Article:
Research and Development, Veterans Affairs Puget Sound Health Care System, Seattle Washington.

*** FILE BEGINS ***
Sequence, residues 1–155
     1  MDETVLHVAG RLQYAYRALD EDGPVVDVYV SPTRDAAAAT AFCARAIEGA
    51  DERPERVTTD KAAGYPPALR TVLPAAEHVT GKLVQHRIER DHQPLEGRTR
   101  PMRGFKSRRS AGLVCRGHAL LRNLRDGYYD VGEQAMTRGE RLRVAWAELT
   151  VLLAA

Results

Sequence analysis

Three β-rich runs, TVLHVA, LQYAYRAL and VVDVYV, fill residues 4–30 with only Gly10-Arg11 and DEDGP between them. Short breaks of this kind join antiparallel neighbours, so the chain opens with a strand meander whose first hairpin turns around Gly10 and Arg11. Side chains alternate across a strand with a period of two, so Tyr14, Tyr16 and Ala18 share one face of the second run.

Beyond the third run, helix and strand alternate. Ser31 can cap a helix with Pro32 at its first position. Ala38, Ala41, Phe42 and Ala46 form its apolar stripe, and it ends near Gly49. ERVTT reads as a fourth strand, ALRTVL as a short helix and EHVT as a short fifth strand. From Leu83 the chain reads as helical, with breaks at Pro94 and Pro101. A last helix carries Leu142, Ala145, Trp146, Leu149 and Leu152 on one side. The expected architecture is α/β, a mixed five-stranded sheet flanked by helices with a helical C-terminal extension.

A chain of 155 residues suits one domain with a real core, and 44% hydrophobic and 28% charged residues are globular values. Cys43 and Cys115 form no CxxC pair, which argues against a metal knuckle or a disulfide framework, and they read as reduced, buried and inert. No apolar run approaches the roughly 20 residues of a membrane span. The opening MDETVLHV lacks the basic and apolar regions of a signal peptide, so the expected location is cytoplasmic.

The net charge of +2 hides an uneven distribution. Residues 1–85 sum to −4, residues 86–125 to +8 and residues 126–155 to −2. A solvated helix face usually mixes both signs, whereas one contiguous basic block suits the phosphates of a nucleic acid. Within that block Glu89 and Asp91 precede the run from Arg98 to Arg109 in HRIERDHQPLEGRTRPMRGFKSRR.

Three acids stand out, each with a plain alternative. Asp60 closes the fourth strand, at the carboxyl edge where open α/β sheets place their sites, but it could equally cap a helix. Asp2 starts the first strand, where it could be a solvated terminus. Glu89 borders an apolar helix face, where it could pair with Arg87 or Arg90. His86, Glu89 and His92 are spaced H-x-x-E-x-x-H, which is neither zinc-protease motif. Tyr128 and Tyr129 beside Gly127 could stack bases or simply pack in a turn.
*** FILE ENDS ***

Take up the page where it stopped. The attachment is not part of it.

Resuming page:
We aimed to determine whether combining serum AFP level with HCC tumor burden allows better stratification of post-transplantation survival in patients with HCC undergoing liver transplantation. We calculated the risk of post-transplantation mortality associated with serum AFP level or HCC tumor burden, adjusting for donor and recipient characteristics, among all adult, first-time liver transplantations performed in the US between 2002-2011 (n=45,267). Serum AFP level, rather than tumor burden, was the tumor characteristic most strongly associated with post-transplantation survival. While recipients with HCC and serum AFP ≤ 15 ng/mL at the time of transplantation had no excess post-transplantation mortality (adjusted hazard ratio [AHR] 1.02, 95% CI 0.93-1.12), those with serum AFP 16-65 (AHR 1.38, 95% CI 1.23-1.54), 66-320 (AHR 1.65, 95% CI 1.45-1.88), and >320 ng/ml (AHR 2.37, 95% CI 2.06-2.73) had progressively worse post-transplantation mortality, compared to recipients without HCC. Patients with tumor burden exceeding the Milan criteria, who are usually excluded from transplantation, had excellent post-transplantation survival if their serum AFP was 0-15 ng/mL (AHR 0.97, 95% CI 0.66-1.43). In contrast, patients within the Milan criteria, who are routinely considered to be transplant candidates, had poor survival if their serum AFP was substantially elevated (AHR 1.92, 95% CI 1.71-2.14, for serum AFP ≥66 ng/mL). Changes in serum AFP level while on the waiting list corresponded closely to changes in post-transplantation mortality. In conclusion, absolute serum AFP level and changes in serum AFP level strongly predict post-transplantation survival independently of tumor burden. We hope that these data may be used, in combination with other factors, to inform future studies and ongoing discussions aiming to improve eligibility criteria for liver transplantation in patients with HCC.